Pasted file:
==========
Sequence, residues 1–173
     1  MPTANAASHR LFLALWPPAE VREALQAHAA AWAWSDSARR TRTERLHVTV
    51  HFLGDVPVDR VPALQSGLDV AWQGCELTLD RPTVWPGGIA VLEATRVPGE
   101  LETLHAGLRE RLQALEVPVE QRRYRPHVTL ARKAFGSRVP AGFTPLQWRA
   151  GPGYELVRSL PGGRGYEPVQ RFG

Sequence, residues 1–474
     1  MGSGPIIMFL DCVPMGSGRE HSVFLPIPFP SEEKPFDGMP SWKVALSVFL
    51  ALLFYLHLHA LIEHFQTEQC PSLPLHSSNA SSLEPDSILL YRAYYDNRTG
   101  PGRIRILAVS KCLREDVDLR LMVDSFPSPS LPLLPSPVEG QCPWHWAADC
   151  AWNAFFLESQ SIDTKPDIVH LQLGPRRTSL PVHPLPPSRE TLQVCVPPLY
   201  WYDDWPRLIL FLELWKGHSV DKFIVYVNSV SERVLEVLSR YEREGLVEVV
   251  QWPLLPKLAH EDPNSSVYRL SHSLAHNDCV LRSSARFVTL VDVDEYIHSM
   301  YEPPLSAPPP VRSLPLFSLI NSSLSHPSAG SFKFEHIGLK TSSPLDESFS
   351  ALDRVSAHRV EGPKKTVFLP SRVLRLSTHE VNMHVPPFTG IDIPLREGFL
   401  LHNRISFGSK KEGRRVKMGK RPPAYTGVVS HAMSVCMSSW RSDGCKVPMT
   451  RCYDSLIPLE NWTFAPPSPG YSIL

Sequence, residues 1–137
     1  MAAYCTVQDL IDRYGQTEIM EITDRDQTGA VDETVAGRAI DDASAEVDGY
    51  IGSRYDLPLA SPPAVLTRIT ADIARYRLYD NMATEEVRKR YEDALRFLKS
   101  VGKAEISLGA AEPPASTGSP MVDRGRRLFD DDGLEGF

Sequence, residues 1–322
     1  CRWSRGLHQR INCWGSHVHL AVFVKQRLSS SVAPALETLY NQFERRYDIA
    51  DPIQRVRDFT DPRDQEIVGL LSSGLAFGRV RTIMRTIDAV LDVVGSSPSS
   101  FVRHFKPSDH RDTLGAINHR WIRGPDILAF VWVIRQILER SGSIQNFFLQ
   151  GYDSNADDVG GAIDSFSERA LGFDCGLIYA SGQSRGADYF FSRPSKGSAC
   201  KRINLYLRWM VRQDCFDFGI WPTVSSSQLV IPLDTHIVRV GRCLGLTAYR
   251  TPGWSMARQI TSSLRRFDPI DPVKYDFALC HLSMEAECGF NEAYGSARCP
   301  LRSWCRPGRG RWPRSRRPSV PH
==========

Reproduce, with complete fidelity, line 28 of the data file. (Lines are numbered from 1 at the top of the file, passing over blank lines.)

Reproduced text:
   301  LRSWCRPGRG RWPRSRRPSV PH